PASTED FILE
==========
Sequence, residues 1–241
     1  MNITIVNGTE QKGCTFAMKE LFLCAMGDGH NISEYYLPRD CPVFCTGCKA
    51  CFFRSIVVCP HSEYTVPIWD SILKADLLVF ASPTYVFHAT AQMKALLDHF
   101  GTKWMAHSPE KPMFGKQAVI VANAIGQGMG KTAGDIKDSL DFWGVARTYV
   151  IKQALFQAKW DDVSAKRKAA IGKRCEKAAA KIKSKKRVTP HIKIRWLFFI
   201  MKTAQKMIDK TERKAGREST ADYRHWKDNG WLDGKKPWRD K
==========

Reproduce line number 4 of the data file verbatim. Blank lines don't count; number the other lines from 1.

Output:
   101  GTKWMAHSPE KPMFGKQAVI VANAIGQGMG KTAGDIKDSL DFWGVARTYV